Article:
The team, comprising of Jacqueline Krynda (Bachelor of Arts/Bachelor of Laws), Charlotte Lewis (Juris Doctor), Jane Spencer (Bachelor of Arts/Bachelor of Laws), Meg Winton (Juris Doctor) and Ruben Robertson (Bachelor of Science/Bachelor of Laws), and coached by Alyssa Glass (Jessup World Champion ’17), took out the top title at the High Court earlier this month before a bench comprising of Justice James Edelman of the High Court, Kate Richardson SC and Liam Prescott of DLA Piper, a generous sponsor of the competition.
In addition to the national title, the team received a number of accolades, including the best speaker in the grand final, awarded to Jacqueline; second best speaker in the preliminary rounds, awarded to Ruben; and second best memorials.
The two finalist teams will now travel to Washington DC for the international competition in April, where the University of Sydney has been named World Champion a record five times – in 1996, 2007, 2011, 2015 and 2017.
The Philip C. Jessup International Law Moot Court Competition is the world's largest moot court competition, with participants from over 680 law schools in 100 countries and jurisdictions. The competition involves a simulation of a fictional dispute between countries before the International Court of Justice. Teams prepare oral and written pleadings arguing both the applicant and respondent positions of the case.
“I am extremely proud of the exceptional work of our students, evidenced by their success and recognition from some of our nations’ leading legal authorities,” said Dr Alison Pert, Adjunct Associate Professor in International Law and faculty advisor. “It is a strong testament as well to the calibre of our Law School, and I wish them all the best for the international competition.”
This year’s case involved a dispute between two bordering states around the migration and harvesting of a species of yak. It raised many complex issues across environmental law, human rights law and customary law.
“It has been an intellectual privilege to work with extremely capable and motivated team members on fascinating questions of international law,” said Ruben. “The team has benefitted enormously from the tireless work of our coach Alyssa Glass and our faculty advisor, Dr Alison Pert.”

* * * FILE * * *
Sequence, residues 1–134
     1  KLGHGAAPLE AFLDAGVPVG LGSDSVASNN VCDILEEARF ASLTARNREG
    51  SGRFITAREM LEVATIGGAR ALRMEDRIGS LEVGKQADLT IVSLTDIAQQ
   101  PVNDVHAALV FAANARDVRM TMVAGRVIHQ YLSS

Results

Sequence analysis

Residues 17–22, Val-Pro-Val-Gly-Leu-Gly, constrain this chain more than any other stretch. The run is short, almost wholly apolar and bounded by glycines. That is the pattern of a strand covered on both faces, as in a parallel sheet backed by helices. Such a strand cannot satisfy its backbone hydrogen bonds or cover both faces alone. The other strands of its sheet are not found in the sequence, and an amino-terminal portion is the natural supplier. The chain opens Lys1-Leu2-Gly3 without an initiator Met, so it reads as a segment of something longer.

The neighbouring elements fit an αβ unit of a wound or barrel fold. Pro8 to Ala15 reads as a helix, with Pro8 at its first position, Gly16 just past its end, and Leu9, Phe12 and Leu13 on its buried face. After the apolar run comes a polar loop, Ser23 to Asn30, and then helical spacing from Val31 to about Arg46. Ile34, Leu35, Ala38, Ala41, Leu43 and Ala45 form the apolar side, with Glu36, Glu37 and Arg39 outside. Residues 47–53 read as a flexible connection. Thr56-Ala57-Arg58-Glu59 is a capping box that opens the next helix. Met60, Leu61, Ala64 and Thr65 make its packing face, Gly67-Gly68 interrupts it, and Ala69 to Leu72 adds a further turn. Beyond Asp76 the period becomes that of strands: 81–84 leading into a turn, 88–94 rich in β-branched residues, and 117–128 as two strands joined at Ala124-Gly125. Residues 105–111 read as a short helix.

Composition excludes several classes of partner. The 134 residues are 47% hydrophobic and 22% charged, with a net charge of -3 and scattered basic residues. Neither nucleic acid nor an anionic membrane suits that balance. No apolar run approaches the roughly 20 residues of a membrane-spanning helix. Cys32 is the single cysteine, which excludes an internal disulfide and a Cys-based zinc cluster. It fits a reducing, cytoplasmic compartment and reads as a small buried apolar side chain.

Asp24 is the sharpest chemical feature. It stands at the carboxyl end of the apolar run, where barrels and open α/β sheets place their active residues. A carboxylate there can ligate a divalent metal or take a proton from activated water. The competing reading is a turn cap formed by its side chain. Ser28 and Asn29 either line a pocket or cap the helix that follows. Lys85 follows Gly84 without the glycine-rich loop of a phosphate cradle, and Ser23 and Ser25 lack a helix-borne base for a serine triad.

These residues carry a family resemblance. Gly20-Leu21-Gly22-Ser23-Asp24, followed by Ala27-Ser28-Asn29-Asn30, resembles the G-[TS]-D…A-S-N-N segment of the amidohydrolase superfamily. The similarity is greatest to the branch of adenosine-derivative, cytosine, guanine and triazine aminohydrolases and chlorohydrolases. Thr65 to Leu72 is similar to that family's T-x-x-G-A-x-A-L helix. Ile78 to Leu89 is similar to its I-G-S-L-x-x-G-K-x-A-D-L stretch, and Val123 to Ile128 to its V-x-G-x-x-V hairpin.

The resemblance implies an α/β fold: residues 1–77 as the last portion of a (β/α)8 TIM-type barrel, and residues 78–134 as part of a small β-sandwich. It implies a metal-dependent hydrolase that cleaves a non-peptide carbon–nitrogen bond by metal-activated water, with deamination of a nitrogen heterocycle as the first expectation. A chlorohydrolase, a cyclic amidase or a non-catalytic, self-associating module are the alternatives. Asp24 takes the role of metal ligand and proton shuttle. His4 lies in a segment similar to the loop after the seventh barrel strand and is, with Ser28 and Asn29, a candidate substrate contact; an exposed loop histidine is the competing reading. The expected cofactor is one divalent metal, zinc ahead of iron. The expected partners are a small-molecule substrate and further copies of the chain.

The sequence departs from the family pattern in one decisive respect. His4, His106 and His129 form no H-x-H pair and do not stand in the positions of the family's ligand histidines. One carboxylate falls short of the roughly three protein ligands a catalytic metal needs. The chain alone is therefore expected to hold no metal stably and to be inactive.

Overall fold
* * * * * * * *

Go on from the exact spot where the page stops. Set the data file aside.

“We've had the unique opportunity to moot before a diverse range of academics and members of the profession and learnt much from their insight. Regardless of where we end up after leaving university, I know that taking part in the Jessup moot has been a formative experience in the development of our written and oral advocacy skills.”
The University of Sydney advanced to the finals after four preliminary rounds against the University of Western Australia, Queensland University of Technology, the University of Southern Queensland and Monash University. The team then took on the University of Western Australia in the Quarter Final, and La Trobe in the Semi Final, before ultimately claiming the title against the University of Queensland in the Grand Final.
“The experience was invaluable, providing team-based learning and a large oral advocacy component,” said Jacqueline. “This means it is good preparation for students thinking about working in the courts or becoming barristers,” she added. “It has been helpful for me because it has boosted my public speaking, teamwork and legal research skills.”
“It's also been great fun! Working with this year’s team was one of the best parts of the experience. They are a great group of people.”